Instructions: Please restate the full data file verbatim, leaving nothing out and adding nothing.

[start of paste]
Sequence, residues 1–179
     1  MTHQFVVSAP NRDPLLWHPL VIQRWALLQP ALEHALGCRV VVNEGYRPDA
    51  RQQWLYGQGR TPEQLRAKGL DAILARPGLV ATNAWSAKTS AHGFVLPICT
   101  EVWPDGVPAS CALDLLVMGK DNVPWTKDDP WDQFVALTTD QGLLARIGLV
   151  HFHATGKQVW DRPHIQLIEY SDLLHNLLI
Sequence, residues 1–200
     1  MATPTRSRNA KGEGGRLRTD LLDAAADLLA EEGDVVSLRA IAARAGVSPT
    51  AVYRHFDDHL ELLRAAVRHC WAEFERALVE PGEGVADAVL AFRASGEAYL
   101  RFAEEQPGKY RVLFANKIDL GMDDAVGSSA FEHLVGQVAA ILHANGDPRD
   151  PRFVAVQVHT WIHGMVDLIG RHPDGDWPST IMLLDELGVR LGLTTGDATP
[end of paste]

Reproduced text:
Sequence, residues 1–179
     1  MTHQFVVSAP NRDPLLWHPL VIQRWALLQP ALEHALGCRV VVNEGYRPDA
    51  RQQWLYGQGR TPEQLRAKGL DAILARPGLV ATNAWSAKTS AHGFVLPICT
   101  EVWPDGVPAS CALDLLVMGK DNVPWTKDDP WDQFVALTTD QGLLARIGLV
   151  HFHATGKQVW DRPHIQLIEY SDLLHNLLI
Sequence, residues 1–200
     1  MATPTRSRNA KGEGGRLRTD LLDAAADLLA EEGDVVSLRA IAARAGVSPT
    51  AVYRHFDDHL ELLRAAVRHC WAEFERALVE PGEGVADAVL AFRASGEAYL
   101  RFAEEQPGKY RVLFANKIDL GMDDAVGSSA FEHLVGQVAA ILHANGDPRD
   151  PRFVAVQVHT WIHGMVDLIG RHPDGDWPST IMLLDELGVR LGLTTGDATP